Archive for January, 2017

SharePoint 2010: Enable (Page) Output Cache Settings using PowerShell

January 25, 2017 Leave a comment

To optimize performance in SharePoint 2010, there are a few settings you can do to help with page load times and optimizing SharePoint Cache.

The three main ways to do this is:

1. BLOB Cache
2. Object Cache
3. Page Output Cache

In my environment we are not leveraging BLOB cache, and Object Cache is already enabled by default. Though you can optimize it for your SP environment.

However the Page Output Cache is not enabled by default.

Below is a PowerShell script I created that enables the Page Output Cache at the Site Collection Level for a Web Application.

$webapp = Get-SPWebApplication [URL OF WEB APPLICATION]

foreach ($web in $webapp.Sites)
$cacheSettings = New-Object Microsoft.SharePoint.Publishing.SiteCacheSettingsWriter($web.url)
$cacheSettings.EnableCache = $true
Write-Host “Updated Page Output Cache Settings…” $web.Url


#Default Page Output Cache Profile. The Cache Profile Id is built off the Cache Profile List (Site Actions – Site Settings – Site Collection Cache Profiles (under Site Collection Administration))

SetAnonymousPageCacheProfileId($web.Url, 1)
SetAuthenticatedPageCacheProfileId($web.Url, 2);

#Page Output Cache Policy
$cacheSettings.AllowPublishingWebPageOverrides = $true;
$cacheSettings.AllowLayoutPageOverrides = $true;
$cacheSettings.EnableDebuggingOutput = $true;

Project Server 2010: Fixing “Execution of user code in the .NET Framework is disabled. Enable “clr enabled” configuration option”.

January 12, 2017 Leave a comment

I ran into some problems deploying Project Server projects that were failing in the Queue jobs. The error I was receiving was

“Execution of user code in the .NeT Framework is disabled. Enable “clr enabled” configuration option.”

To fix the problem you need to enable the Common Language Runtime in SQL 2012.

1. Log into SQL Server
2. Launch SSMS (SQl Server Managment Studio)
3. Open up a new Query
4. Type the following:

sp_configure ‘clr enabled’, 1

After executing the query, go back to Project Server and retry your job. This time the job should complete successfully.


Project Server 2010: Fixing “Waiting To Be Processed”

January 6, 2017 Leave a comment

I recently ran into a problem with Project Server 2010 where all my jobs in the Manage Queue Jobs were all in the “Waiting to be processed” status.  Since there could be many reasons for this issue, I’ll just touch basis on the specific issue I was experiencing.  I have not seen anything being blogged about my specific problem so here it is.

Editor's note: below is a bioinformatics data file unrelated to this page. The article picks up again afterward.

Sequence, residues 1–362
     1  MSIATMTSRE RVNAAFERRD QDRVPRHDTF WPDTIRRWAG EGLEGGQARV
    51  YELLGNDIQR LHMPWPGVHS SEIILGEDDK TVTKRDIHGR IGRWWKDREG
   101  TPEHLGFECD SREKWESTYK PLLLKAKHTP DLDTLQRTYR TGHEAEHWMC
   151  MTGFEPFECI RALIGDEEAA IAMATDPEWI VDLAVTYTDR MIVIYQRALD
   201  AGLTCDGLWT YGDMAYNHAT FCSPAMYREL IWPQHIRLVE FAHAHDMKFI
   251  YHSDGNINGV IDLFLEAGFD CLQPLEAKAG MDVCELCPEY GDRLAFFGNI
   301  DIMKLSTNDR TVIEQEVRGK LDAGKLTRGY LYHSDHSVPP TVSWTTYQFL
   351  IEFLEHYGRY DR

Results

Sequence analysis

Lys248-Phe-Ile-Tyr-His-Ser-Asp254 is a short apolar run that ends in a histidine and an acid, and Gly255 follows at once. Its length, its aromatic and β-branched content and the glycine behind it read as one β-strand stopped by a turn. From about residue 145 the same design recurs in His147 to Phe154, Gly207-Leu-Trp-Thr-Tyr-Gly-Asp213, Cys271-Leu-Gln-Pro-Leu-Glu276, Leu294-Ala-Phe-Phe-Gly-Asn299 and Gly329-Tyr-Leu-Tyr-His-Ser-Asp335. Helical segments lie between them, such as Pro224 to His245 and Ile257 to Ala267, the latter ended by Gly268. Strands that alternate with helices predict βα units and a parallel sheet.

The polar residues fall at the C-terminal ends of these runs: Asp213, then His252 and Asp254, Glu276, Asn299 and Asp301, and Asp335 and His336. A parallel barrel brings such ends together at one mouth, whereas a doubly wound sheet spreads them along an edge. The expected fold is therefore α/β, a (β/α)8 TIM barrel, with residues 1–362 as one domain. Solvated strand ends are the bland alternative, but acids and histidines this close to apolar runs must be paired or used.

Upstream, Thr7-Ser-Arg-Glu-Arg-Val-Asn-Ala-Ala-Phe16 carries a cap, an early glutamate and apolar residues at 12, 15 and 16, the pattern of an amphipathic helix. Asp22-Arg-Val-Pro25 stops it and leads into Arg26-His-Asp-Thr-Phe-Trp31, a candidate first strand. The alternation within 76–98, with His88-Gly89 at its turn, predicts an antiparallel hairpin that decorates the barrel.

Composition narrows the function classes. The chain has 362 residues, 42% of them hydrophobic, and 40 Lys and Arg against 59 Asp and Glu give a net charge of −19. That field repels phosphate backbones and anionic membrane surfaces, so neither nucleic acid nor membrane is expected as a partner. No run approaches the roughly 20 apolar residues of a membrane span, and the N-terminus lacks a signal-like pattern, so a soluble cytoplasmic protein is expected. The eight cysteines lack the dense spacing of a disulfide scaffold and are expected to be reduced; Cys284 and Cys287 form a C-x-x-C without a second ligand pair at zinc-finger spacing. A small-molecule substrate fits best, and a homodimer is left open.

In a nutshell we recently migrated our SQL Server 2012 Instance from Windows 2008 R2 OS to Windows Server 2012 R2 OS by doing a DB deattach / reattach method.  We did this by scripting out the process to move the databases over along with all the necessary DB permissions needed.  In the end this was the official problem,  but I’ll get back to that later.

The troubleshooting steps I took to resolve the problem are below.

The first thing I made sure and checked was that the “Project Application Service” was started and working.  This is checked through CA Services on Server.  This was good.

Next I checked the Project Server and made sure the ‘Microsoft Project Server Queue Service 2010″ within Window Services was started.  It was.

Even though the service was started I wanted to make sure it was functional so I completely stopped the service and restarted it.  This had no affect on the queued jobs.

I also recycled the SharePoint 2010 Timer jobs.  This did nothing as well.

Since all the necessary services were started and working and the jobs were still queued I went back to CA to check out the Project Web App Service Application (CA->Application Managment->Manage Service Applications->Project Server)

Clicking on the drop down option for the Project Web App Site and selecting “Edit” I made sure the Primary Database settings were correct since we did migrate to a new SQL Server Instance.  The Primary database server was still pointing to our old SQL Server instance, but I made sure I set up SQL Alias so this was not the problem.  Everything checked out and I hit the “Edit” button.  The process for provising the PWA site started.  It ran for about 5 minutes and then errored out “Failed – Please see application server logs”.

So I couldn’t even provision a PWA site (existing or new one).

Since I know that Project Server intially creates 4 databases when you provision a new Project Server Site (Published, Draft, Archive and Reporting) I went over to SQL to see if the new Databases I tried to create with a new PWA site were created, they were not.

So permissions….Looking at the permissions on my SQL instance I saw that the right permissions were granted to 4 databases with DBO rights.  However that was not enough.

I had to actually grant the “dbcreator” and “sysadmin” rights to the service accounts.

Once I did that I went back to the Project Web App Service Application and attempted to reprovision the PWA site again.  This time the site provisioned correctly and by doing so it kicked off the queued jobs which all completed successfully.

For your information all the queued jobs live in the “Draft” database.  If you ever have permissions with the queued jobs make sure this database has the adequate permissions to do what it needs to do.

Hopefully this  helps others with similar problems.


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